Correctional Services said that “matters are under control” at Johannesburg’s Sun City Prison on Wed.
Pumza Fihlani and Sipho Masombuka
As the debate on how to curb teenage pregnancy rages, schools are left to their own devices on how to deal with the ever-increasing number of pregnant pupils in schools.
After a nationwide debate between the Education Department, teachers' unions and school governing bodies on how to handle the situation, there are still no guidelines.
Sowetan discovered that in the first term of the school year six pupils - five from Grade 12 and one Grade 11 - from Vlakfontein Technical School were pregnant.
The South African Democratic Teachers' Union's (Sadtu) stance on the matter is that "every pupil has the right to education but to expect teachers to cope with the situation is impractical".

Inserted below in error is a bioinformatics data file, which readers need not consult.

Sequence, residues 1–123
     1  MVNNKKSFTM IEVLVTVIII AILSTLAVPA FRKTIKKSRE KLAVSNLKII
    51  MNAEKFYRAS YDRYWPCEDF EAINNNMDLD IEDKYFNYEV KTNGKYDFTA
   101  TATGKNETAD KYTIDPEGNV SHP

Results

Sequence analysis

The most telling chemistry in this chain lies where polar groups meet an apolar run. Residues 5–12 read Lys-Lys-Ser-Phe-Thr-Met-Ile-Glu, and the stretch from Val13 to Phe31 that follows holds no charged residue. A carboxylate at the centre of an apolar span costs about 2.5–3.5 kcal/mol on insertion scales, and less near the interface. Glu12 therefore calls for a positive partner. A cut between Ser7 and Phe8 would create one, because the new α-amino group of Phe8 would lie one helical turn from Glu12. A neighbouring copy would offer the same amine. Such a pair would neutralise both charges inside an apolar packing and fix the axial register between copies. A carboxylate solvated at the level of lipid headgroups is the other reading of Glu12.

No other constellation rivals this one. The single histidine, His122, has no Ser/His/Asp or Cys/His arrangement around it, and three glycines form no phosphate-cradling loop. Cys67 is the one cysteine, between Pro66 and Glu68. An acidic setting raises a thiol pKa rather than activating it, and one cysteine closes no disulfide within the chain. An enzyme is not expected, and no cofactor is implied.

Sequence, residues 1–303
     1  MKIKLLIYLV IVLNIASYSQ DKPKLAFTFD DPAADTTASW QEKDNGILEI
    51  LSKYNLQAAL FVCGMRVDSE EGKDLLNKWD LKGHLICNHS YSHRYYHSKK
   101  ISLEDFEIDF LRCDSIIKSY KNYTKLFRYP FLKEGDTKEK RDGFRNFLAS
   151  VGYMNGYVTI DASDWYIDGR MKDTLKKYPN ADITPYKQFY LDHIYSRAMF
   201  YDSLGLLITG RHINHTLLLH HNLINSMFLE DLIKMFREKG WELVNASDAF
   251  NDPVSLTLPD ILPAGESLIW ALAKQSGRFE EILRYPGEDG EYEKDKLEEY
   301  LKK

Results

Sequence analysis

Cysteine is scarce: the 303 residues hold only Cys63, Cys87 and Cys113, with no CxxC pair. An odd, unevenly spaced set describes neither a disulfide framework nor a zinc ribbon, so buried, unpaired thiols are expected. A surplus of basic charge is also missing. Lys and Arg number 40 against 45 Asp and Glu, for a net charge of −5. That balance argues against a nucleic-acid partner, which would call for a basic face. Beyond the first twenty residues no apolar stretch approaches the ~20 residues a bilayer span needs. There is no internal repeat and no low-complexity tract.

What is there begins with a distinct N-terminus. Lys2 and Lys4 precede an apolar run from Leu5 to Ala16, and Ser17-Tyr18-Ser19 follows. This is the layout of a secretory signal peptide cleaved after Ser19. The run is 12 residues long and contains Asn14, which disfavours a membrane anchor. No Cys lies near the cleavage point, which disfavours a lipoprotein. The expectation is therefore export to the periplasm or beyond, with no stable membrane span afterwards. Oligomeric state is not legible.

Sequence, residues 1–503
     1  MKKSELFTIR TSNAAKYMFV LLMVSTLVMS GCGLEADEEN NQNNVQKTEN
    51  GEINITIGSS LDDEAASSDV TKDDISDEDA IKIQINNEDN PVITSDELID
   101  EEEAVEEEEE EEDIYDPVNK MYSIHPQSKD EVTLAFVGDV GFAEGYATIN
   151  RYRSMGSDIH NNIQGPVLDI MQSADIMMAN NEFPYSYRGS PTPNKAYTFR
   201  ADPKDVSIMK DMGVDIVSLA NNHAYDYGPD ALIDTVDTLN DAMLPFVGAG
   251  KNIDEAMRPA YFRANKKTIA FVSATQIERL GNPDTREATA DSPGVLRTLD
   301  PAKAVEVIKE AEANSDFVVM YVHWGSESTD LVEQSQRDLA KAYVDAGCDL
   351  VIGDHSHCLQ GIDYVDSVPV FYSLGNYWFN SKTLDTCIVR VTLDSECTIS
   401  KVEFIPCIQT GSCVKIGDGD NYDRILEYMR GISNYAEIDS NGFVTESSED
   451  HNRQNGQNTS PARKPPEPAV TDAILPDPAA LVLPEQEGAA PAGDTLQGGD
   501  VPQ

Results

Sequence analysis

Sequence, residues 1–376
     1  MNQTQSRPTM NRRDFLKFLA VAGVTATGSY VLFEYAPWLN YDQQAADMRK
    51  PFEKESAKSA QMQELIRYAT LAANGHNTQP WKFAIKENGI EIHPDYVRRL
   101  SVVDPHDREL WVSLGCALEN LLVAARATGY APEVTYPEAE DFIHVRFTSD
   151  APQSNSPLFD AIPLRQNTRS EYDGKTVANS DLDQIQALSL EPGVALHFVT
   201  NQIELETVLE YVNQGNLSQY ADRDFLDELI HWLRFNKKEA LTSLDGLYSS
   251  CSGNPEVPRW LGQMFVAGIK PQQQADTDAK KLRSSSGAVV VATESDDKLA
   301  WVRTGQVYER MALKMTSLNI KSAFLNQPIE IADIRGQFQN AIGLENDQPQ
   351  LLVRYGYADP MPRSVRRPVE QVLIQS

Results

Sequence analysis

Sadtu secretary-general Thulas Nxesi said yesterday: "Any pregnant child is a source of concern because of the social implications. Pupils should be excused from school from a certain stage of their pregnancy and then return after having given birth," he said.
Nxesi said that the department had "promised last year" to set guidelines on how to tackle problems, but to date schools were using their own discretion.
Gauteng Education Department spokesman Panyaza Lesufi said expecting the department to solve the problem of teenage pregnancies was "barking up the wrong tree".
"It is not just the education department's problem but a societal problem. It should be a joint effort by everyone."
Lesufi said the department had been involved in campaigns to raise awareness about teenage pregnancy, the dangers of unprotected sex, and HIV and Aids.
According to the South African History Organisation: "Many girls in South Africa give birth during their teenage years."
Figures released by Statistics SA show that 547000 girls countrywide, aged between 13 and 19, abandoned their studies between 2005 and last year. Of this number 72000 left school because of falling pregnant.